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10 Things to Know About Living With EDS (When You Don’t Have It)

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To start off I am going to tell you flat out – I am living with Ehlers-Danlos syndrome. It affects every aspect of my life, from my marriage, to raising my children, to the state of my house, to the state of my mental health. I am living with it day in and day out. But I don’t have it.

• What is Ehlers-Danlos Syndrome?
• What Are Common Ehlers-Danlos Syndrome Symptoms?

Ehlers-Danlos syndrome (EDS) is an inherited disorder that affects the connective tissue in your body. Connective tissue can be found almost everywhere in your body like your skin, muscles, ligaments, organs, eyes, gums, and more. In a person with EDS, all that connective tissue is made wrong and that can cause big problems.

This is my perspective as a wife and a mother of loved ones affected with EDS. To be clear, I don’t have it. But I definitely live with it, and maybe you do too, so here goes…

10. It is different for everyone.

I live in a five-person household counting myself. Four of the five have EDS and not one of them have it the same. From my middle child who runs, jumps, and pops his hip out bending his knee so his foot is in front of his hip to freak out bystanders; to my oldest who is covered in stretch marks from her knees to her neck; to my youngest who has so many motor delays that he has been in therapy since he was 3; they are all different.

Then there is my husband, whose multiple shoulder, back, and elbow surgeries didn’t quite fix the problem and whose surgeon couldn’t understand how he kept dislocating his shoulder and not noticing it. Every one of them has the same condition with wildly varying symptoms and needs. There is no playbook, there is no rule book, there is no “What to expect when you are expecting…EDS!” Get ready to learn as you go…

9. Doctors may not recognize it.

Your doctor may have heard about it once in medical school. They’ve never seen it, but what they know about it is that the affected person is “double jointed” or that it is a problem of the joints. So, when you try to explain that your kid’s horrible vision, bad teeth, motor delays, weak muscles, and loose joints are all related, you get an “uh-huh” or a “sure.”

And when my son needed an emergency appendectomy in a small-town hospital, I got to watch the anesthesiologist Google EDS on his phone. So, get ready to be an expert and an advocate.

8. The school may not know what to do about it.

Let me start off by giving props to my local public school. They are willing, caring professionals who genuinely want to help my son. But once again, I am the expert in the room. I am the one bringing in pamphlets and explaining why my youngest son’s needs are so different from his siblings if they all have the same thing. The school’s occupational therapist had been working with my son for over a year and never mentioned to me that there are finger splints that people with EDS can wear to stop their fingers from bending the wrong way when they try to hold a pencil. I found that out on my own when I found a hand clinic at the nearest children’s hospital. It was like magic. He went from not being able to write his name, to writing pretty much on grade level in the space of a month with a finger splint. And it wasn’t the school that figured it out, it was me.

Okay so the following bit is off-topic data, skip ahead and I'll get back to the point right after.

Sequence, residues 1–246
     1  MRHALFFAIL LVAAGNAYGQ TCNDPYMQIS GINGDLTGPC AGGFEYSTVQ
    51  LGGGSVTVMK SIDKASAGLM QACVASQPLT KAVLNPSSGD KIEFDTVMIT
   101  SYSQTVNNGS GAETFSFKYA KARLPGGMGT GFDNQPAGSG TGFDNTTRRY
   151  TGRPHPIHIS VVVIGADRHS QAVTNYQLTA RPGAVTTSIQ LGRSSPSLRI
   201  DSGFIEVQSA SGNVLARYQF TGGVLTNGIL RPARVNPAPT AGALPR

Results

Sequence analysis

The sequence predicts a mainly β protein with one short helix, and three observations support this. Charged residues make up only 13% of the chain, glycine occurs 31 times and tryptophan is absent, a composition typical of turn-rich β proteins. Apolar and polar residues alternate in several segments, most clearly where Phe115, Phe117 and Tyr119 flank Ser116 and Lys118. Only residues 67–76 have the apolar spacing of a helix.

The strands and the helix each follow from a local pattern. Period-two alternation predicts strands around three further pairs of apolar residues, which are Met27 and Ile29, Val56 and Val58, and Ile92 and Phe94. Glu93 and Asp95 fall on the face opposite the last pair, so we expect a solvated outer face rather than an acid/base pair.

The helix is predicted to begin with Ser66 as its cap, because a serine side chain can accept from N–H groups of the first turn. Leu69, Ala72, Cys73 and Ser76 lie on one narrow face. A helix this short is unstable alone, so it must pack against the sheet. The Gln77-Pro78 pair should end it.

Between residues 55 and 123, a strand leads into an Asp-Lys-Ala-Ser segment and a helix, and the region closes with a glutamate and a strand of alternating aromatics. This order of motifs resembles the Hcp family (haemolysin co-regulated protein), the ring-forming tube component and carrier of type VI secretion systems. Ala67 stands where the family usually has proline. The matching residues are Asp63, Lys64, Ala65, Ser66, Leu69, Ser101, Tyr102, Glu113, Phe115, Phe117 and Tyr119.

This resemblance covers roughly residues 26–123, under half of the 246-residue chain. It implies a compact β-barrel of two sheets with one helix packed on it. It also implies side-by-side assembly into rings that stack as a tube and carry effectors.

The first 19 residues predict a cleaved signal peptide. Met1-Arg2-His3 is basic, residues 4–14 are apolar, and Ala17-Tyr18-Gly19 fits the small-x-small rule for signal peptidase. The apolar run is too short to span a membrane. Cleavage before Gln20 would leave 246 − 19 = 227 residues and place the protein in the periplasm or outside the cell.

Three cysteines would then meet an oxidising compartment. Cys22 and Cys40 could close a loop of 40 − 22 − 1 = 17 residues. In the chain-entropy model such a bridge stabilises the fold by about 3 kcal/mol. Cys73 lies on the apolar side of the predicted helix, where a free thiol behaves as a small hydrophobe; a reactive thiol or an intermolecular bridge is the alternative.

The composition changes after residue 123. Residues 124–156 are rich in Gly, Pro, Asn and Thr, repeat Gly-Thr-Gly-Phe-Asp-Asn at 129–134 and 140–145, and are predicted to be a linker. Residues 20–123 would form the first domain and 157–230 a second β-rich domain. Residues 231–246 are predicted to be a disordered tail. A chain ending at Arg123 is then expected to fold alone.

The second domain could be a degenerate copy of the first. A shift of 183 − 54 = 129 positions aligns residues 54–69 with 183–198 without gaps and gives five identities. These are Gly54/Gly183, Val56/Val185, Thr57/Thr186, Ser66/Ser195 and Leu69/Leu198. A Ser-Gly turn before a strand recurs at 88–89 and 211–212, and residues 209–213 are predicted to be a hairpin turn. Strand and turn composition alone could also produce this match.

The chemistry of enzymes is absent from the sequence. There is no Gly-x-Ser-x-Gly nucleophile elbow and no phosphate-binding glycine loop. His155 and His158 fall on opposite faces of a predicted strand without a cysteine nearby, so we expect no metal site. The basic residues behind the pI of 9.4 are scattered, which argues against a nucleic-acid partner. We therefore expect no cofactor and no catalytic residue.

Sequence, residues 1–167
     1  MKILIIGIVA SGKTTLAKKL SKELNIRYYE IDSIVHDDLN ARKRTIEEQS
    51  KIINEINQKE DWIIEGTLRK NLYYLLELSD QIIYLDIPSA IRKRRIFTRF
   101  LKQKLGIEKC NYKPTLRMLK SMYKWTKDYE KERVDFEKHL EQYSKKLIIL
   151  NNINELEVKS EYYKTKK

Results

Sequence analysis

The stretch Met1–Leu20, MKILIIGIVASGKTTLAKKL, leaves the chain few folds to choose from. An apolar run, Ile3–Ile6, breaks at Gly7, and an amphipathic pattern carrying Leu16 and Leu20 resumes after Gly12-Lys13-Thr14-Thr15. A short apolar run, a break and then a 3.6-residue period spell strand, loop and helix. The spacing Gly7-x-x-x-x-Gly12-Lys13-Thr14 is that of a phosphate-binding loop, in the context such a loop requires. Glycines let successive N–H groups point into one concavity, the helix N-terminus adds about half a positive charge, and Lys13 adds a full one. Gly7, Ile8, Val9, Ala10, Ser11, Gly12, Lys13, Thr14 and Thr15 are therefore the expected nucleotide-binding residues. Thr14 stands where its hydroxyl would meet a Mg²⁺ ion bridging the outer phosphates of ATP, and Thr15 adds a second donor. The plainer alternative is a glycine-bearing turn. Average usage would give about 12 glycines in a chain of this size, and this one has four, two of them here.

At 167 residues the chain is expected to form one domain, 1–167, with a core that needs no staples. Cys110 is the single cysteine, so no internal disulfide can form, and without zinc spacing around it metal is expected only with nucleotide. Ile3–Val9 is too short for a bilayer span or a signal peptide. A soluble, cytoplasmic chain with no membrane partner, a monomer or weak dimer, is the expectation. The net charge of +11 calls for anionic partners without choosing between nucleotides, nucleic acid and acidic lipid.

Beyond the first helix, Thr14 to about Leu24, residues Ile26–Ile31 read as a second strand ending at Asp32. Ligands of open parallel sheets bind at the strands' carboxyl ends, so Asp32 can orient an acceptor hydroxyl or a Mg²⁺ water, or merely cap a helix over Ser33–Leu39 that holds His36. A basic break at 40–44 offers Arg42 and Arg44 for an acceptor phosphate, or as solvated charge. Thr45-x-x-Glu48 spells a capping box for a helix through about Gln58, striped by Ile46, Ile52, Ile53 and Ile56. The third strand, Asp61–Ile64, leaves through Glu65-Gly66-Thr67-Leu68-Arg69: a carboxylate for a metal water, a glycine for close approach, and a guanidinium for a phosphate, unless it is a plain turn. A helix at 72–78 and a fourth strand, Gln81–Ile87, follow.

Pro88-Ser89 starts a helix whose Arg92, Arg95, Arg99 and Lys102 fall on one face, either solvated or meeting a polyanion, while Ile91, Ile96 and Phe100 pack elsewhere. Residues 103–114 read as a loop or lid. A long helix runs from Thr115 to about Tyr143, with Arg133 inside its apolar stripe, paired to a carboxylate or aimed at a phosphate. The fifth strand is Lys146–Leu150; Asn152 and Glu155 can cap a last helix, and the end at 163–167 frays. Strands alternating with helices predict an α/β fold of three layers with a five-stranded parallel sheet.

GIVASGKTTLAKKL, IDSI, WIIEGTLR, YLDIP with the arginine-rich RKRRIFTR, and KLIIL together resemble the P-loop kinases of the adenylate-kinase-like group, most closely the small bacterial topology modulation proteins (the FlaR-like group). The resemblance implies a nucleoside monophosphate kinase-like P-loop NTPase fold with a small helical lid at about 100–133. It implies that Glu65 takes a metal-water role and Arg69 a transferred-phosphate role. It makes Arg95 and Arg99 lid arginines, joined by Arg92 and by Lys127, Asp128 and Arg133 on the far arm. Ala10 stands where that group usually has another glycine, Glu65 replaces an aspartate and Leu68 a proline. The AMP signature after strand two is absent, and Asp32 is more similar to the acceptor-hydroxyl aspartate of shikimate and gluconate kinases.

Be ready to push the people helping your children. Ask questions, go to every meeting, express your concerns, and know the law. The school is required to do certain things by federal law. A medical condition alone does not guarantee your child extra help, but it does if it affects your child’s education. But you also need to realize that the help your school provides may not be enough.

7. Get ready for the medical bills. 

Let me start by saying that I live in the United States, both my husband and I work full time, and we pay for medical insurance through my husband’s work. Our medical bills are devastating. It’s never ending, and it has been getting worse. Some days I can have a positive attitude about it, but other days I just get angry.

It’s like this – my son has a motor delay that impacts every aspect of his life. He does better with physical and occupational therapy. Those therapies cost us $120 a week. We used to have insurance that covered them, but our current insurance does not. He also needs braces in his shoes to help him walk. Our insurance considers them nonessential and recommends we buy them over the counter. Our doctor strongly believes he needs custom inserts and so we pay $300 every time his feet grow.

Then there are the normal things our insurance does pay for (sorta). My husband has scoliosis, chronic back, shoulder, elbow, hip, and knee pain, and a severe eye problem (pellucid marginal degeneration). He tends to do well for a while and then everything goes bad at once. The other two kids only have small issues, but it all adds up. Basically, everyone in my family but me needs constant medical care, so the bills are never paid off. And there is no help. We have been told by multiple agencies that if my husband quit working, then both he and my youngest would qualify for SSI disability. Can you imagine being told that?! My husband likes working. He goes to work in pain. He goes to work even though he can’t drive for the company anymore. He goes to work almost every day no matter what. And the only way we can get extra help for him or my son is if we take that away from him!? So, no advice for this number. Just get ready for the bills…

6. It is exhausting for them. Accept their physical limitations.